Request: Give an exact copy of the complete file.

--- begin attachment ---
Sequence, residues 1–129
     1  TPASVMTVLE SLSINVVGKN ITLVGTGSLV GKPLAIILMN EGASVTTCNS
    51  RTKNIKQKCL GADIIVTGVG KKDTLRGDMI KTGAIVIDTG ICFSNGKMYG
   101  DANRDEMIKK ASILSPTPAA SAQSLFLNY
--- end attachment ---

Sequence, residues 1–129
     1  TPASVMTVLE SLSINVVGKN ITLVGTGSLV GKPLAIILMN EGASVTTCNS
    51  RTKNIKQKCL GADIIVTGVG KKDTLRGDMI KTGAIVIDTG ICFSNGKMYG
   101  DANRDEMIKK ASILSPTPAA SAQSLFLNY